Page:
Baljit heard about the stranded travellers from a Facebook post and was immediately moved to action. She called contacts at the RCMP and in the local gurudwara (the Sikh faith institution), reached out to a helicopter company, and mobilized a team of volunteers. Within a day, she found ways to co-ordinate with community members to determine needs and then figured out permits, clearances and weight limits for airlifting supplies into the landslide area. Volunteers at the Khalsa Darbar Society in Vancouver sprang into action and prepared 350 hot meals, while others shopped for supplies and picked up donations. London Air, the helicopter company, donated the flight. Within 24 hours of the travellers’ ordeal, the Khalsa Aid effort had provided critical relief.

The Sikh concept of seva, or selfless service, offers a path forward for community-led climate action, @anjaliapp writes. #Sikh #seva #ClimateAction

I asked Baljit if she had co-ordinated or communicated with any level of government before or during the ordeal. She said that Khalsa Aid’s approach is to be respectful of government mandates, but not to wait for instructions to act. “Where there’s a will, there’s a way,” Baljit told me. “That’s how I like to operate.”

This type of intervention — immediate material support to those who need it — is known as mutual aid, a practice that involves a community mobilizing around its own needs. The story of Khalsa Aid’s mutual aid effort reflects the best parts of the human spirit — the ability to rise above our individual reality and act in service of our community. The concept of selfless service, or seva, as it’s called within the Sikh faith, is central to Baljit’s work. She described to me how during a dark period of her life, she poured herself into seva, and the act of giving of herself to her community was a restorative balm. “Seva saved my life,” she said.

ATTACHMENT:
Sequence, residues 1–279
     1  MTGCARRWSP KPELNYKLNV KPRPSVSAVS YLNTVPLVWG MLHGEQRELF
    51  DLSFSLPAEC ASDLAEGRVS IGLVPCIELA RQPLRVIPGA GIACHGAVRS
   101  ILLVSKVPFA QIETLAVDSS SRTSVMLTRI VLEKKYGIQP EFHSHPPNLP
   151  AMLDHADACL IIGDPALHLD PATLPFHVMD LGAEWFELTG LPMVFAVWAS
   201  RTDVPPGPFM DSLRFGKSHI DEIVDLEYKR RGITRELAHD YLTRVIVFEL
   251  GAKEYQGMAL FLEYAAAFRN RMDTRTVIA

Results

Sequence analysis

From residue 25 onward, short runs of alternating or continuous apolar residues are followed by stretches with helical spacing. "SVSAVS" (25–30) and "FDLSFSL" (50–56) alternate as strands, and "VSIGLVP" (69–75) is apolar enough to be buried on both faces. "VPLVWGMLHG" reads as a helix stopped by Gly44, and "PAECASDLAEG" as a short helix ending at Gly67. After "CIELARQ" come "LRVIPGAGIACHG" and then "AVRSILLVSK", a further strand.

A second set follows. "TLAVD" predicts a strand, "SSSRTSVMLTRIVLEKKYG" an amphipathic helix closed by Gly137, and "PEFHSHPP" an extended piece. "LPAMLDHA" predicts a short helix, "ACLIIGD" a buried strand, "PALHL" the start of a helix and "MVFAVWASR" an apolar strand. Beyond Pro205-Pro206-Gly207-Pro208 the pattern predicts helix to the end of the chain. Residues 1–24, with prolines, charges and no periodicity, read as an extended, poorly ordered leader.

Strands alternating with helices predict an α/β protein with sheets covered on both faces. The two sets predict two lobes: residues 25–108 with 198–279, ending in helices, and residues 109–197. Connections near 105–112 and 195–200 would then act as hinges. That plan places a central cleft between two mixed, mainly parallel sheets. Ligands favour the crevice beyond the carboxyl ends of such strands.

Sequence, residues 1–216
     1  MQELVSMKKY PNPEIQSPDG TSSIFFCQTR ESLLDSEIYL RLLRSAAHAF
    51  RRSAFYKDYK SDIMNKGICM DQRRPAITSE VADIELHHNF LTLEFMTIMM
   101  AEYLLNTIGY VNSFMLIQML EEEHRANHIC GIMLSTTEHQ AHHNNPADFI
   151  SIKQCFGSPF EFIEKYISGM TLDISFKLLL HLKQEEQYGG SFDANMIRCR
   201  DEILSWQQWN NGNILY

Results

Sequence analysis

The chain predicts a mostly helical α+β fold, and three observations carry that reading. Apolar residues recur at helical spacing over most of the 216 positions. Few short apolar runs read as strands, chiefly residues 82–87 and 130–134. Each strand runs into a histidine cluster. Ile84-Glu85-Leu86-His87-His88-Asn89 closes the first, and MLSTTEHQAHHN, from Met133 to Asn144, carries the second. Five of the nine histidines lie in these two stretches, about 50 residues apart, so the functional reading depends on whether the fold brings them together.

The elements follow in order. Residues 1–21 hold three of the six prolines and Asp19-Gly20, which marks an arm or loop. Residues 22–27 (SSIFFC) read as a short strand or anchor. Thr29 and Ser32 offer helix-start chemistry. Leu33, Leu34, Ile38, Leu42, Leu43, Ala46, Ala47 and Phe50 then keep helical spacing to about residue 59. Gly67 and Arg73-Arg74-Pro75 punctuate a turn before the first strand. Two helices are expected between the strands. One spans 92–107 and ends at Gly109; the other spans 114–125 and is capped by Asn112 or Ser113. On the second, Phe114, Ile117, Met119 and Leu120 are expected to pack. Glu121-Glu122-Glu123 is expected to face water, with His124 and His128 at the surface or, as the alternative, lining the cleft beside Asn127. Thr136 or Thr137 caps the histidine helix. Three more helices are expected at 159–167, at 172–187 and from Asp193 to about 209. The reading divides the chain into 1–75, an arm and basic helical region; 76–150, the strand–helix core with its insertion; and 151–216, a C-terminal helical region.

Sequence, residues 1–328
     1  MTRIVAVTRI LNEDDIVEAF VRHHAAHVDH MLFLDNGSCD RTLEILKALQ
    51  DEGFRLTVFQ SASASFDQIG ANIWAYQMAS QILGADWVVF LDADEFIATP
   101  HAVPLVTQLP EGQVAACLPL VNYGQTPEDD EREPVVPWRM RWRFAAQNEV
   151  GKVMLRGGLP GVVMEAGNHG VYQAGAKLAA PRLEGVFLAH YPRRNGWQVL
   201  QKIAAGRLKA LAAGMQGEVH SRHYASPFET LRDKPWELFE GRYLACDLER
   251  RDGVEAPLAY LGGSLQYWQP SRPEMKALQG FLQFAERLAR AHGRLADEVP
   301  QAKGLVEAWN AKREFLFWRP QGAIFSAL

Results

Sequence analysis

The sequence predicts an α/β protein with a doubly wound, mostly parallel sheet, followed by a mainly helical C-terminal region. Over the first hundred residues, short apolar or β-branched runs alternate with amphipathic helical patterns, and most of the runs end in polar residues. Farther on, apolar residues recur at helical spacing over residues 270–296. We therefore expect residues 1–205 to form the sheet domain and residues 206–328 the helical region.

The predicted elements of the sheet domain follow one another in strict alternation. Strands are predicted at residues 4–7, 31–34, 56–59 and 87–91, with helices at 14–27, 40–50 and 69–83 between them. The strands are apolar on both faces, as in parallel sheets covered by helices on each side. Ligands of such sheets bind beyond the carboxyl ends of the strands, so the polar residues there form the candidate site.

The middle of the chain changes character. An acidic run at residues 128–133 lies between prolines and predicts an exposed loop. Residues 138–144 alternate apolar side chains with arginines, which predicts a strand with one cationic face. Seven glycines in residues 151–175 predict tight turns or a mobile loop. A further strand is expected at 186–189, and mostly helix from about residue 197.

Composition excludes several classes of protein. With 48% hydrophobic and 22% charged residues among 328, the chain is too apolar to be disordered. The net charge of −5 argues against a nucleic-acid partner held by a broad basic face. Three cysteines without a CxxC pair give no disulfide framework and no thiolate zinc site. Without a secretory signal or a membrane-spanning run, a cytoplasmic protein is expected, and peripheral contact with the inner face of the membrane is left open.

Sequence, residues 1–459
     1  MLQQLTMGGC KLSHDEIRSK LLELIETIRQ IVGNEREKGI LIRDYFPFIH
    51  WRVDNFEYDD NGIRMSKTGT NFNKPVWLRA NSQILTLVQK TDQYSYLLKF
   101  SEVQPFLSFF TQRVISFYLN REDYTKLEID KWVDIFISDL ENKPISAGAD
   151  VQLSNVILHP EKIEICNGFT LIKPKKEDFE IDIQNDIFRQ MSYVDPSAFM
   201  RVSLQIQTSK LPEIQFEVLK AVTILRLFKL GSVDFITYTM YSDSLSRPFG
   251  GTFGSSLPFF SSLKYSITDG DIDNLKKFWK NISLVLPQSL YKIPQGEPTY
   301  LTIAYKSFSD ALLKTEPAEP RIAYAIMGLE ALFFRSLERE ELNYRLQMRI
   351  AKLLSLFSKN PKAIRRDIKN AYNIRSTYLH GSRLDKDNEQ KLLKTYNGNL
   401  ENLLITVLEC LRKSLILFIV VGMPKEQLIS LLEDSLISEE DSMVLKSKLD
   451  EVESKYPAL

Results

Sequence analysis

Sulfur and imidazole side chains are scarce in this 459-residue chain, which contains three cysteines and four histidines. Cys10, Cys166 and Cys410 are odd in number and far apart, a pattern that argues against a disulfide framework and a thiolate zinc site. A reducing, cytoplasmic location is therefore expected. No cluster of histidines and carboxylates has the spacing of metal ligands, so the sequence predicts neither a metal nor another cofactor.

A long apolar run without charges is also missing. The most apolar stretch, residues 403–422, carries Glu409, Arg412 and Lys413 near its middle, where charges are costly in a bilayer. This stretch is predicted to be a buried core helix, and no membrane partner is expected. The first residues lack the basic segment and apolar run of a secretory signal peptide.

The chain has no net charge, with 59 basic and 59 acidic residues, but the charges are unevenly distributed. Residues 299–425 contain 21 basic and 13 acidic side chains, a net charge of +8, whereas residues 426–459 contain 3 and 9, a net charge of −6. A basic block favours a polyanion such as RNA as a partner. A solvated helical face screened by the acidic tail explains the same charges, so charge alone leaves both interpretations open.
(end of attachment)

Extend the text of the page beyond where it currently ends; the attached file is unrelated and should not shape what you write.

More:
The mutual aid work of community members and Khalsa Aid during last year’s floods reminds us that in a global pandemic and a warming world, it’s up to all of us to help our communities survive and thrive. Photo courtesy of Khalsa Aid

The healing effect of service to others is woven into many cultural and faith traditions, and it’s embedded in the mythology of this time of year when we are invited to embrace the spirit of giving. The mutual aid work of community members and Khalsa Aid during the floods reminds us that — in the absence of rapid government action in the wake of that disaster — in a global pandemic and a warming world, it’s up to all of us to help our communities survive and thrive.